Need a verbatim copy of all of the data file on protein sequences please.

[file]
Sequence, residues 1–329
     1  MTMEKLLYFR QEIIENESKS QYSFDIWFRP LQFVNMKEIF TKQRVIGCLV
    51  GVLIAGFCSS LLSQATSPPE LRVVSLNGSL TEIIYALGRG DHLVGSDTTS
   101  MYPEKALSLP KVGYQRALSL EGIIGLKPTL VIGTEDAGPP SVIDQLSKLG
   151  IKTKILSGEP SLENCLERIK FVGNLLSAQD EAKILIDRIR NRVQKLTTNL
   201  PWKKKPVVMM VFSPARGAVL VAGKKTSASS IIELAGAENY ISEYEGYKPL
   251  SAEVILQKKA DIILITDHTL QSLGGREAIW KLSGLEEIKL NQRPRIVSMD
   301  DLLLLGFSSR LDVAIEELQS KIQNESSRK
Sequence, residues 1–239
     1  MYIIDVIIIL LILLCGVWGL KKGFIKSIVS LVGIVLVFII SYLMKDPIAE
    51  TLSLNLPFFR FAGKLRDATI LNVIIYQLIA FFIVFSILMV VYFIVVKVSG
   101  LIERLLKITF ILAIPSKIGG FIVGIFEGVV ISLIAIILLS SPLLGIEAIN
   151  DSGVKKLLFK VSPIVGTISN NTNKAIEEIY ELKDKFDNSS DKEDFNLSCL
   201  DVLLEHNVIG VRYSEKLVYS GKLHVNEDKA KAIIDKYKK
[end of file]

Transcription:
Sequence, residues 1–329
     1  MTMEKLLYFR QEIIENESKS QYSFDIWFRP LQFVNMKEIF TKQRVIGCLV
    51  GVLIAGFCSS LLSQATSPPE LRVVSLNGSL TEIIYALGRG DHLVGSDTTS
   101  MYPEKALSLP KVGYQRALSL EGIIGLKPTL VIGTEDAGPP SVIDQLSKLG
   151  IKTKILSGEP SLENCLERIK FVGNLLSAQD EAKILIDRIR NRVQKLTTNL
   201  PWKKKPVVMM VFSPARGAVL VAGKKTSASS IIELAGAENY ISEYEGYKPL
   251  SAEVILQKKA DIILITDHTL QSLGGREAIW KLSGLEEIKL NQRPRIVSMD
   301  DLLLLGFSSR LDVAIEELQS KIQNESSRK
Sequence, residues 1–239
     1  MYIIDVIIIL LILLCGVWGL KKGFIKSIVS LVGIVLVFII SYLMKDPIAE
    51  TLSLNLPFFR FAGKLRDATI LNVIIYQLIA FFIVFSILMV VYFIVVKVSG
   101  LIERLLKITF ILAIPSKIGG FIVGIFEGVV ISLIAIILLS SPLLGIEAIN
   151  DSGVKKLLFK VSPIVGTISN NTNKAIEEIY ELKDKFDNSS DKEDFNLSCL
   201  DVLLEHNVIG VRYSEKLVYS GKLHVNEDKA KAIIDKYKK